This essay is a part of WYG's PhotoGrief project. The goal of the PhotoGrief project is to create a space where people can explore and express their grief through pictures. Learn more about the project here.
By Dona Tracy
I thought I was through the worst of it, the grieving.
But when it was announced that John Lewis, a hero of mine, was diagnosed with pancreatic cancer a wail of an unearthly sound came up my soul and an unstoppable river of tears flowed from my eyes. I realized then the announcement triggered my grief and pain over the loss of my brother Jon. My mind was on a continuous loop of what I can only call ‘ the undoing’, the what if’s, the he could have been saved, he could be alive right now if only...
The grief stricken tears and howling of my soul were enough. But no. It was my mind that wouldn’t shut off. So, I sat and meditated mindfully letting the relentless thoughts come and go and then gently returning to my breath.
I returned peacefully.
And then I thought about this: I had done it before when Jon lay dying and I spent almost a week sleeping next to him in his room at Hospice House. It wasn't something I consciously did. It was something that took over on its own.
My mind took a backseat to my heart and soul.
My focus was on loving and looking after him.
I was at peace throughout until he took his last breath and then that sound of overwhelming wailing sorrow filled the room I wasn’t sure where it came from. Was it me?
Then somehow loving him and looking after him took over again until the funeral home came and took him away after draping his stretcher with his service to our country, in the form of the American Flag.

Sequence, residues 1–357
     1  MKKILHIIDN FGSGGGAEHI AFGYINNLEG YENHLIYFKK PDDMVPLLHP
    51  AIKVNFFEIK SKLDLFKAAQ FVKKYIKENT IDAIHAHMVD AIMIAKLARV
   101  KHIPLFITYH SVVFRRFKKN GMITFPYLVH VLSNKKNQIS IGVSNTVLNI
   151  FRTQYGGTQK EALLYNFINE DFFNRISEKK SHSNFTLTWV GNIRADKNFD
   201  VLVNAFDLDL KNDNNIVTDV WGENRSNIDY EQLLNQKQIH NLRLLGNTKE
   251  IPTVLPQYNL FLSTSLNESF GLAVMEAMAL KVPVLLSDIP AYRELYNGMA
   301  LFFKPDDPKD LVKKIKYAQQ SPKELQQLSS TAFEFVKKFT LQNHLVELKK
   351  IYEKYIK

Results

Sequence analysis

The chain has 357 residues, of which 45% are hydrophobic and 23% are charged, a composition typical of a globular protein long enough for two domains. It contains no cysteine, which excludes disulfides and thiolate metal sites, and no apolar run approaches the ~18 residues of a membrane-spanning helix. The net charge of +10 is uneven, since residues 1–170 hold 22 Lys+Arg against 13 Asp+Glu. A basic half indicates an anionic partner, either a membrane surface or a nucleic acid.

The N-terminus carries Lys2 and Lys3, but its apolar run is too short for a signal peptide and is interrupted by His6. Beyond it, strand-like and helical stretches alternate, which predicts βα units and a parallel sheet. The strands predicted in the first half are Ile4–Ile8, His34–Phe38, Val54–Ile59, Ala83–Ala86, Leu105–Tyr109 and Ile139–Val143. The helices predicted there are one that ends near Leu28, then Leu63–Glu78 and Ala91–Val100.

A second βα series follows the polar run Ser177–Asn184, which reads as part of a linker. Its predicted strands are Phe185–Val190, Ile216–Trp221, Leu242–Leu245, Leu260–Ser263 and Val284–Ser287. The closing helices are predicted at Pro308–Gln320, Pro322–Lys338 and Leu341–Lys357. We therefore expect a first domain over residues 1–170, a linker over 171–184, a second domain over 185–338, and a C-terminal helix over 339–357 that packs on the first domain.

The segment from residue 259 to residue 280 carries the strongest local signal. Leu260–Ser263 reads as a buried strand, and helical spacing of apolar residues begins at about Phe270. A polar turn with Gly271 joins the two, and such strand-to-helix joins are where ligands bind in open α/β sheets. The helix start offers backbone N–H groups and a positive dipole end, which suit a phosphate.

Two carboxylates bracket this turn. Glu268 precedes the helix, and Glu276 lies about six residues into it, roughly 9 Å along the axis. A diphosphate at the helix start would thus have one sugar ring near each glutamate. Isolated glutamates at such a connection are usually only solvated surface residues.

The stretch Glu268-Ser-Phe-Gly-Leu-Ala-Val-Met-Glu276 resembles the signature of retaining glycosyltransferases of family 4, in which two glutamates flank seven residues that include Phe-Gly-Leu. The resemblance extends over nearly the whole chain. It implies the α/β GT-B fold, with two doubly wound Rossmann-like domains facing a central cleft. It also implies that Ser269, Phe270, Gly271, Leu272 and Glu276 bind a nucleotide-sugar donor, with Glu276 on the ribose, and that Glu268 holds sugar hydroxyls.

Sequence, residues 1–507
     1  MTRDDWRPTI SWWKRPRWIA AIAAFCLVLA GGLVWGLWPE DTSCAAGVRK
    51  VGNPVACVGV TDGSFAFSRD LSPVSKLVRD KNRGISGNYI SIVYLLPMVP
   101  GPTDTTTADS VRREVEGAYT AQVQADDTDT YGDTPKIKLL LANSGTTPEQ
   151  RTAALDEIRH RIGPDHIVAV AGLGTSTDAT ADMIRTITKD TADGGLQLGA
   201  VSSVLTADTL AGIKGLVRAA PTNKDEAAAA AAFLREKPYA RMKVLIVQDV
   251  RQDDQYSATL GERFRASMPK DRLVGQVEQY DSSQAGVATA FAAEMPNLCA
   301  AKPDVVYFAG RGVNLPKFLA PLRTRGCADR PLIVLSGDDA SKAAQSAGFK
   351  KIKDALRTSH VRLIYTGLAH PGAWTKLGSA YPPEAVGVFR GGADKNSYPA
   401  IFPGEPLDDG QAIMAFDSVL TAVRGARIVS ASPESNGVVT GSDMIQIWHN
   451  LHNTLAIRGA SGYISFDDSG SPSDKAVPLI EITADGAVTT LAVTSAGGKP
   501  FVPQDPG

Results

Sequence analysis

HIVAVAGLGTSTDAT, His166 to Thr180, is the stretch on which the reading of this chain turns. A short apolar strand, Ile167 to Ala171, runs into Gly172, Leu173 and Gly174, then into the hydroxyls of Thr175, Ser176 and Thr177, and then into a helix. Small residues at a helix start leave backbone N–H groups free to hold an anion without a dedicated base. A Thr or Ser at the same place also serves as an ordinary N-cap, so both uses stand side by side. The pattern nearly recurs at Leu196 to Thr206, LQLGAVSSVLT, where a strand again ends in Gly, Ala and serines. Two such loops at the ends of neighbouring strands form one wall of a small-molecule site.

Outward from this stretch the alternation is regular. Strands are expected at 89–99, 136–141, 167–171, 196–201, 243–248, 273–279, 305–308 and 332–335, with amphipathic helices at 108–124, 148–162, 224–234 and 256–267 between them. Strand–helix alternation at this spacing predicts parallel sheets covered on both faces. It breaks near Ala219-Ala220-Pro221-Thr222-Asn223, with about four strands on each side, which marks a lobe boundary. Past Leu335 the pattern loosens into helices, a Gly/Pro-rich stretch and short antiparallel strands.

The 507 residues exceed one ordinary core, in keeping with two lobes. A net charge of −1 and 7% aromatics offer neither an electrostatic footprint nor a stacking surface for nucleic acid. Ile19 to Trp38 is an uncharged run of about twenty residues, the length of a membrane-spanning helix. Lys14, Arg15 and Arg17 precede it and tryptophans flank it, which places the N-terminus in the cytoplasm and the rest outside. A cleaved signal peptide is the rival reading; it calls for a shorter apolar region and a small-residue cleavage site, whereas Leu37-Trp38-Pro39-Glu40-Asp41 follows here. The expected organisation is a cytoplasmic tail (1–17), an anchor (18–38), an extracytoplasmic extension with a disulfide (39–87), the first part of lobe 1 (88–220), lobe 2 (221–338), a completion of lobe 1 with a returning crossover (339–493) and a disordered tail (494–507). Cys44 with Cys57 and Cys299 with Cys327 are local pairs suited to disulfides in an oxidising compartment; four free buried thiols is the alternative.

When I think of innocence now, I think of the place we all have in us. A place of peace and love with no judgment or pain that arises from the continuous loop of the mind attempting to make sense of things and undo what cannot be undone. Just love, pure and simple showing the way.
Jon and I were in that place when he passed away. I love you Jon, always and forever. Thank you for loving me.
With my grateful thanks to WYG for helping me. It's been a little over four years and I still grieve the loss of my brother.
We invite you to share your experiences, questions, and resource suggestions with the WYG community in the discussion section below.
We wrote a book!
After writing online articles for What’s Your Grief
for over a decade, we finally wrote a tangible,
What’s Your Grief? Lists to Help you Through Any Loss is for people experiencing any type of loss. This book discusses some of the most common grief experiences and breaks down psychological concepts to help you understand your thoughts and emotions. It also shares useful coping tools, and helps the reader reflect on their unique relationship with grief and loss.
You can find What’s Your Grief? Lists to Help you Through Any Loss wherever you buy books: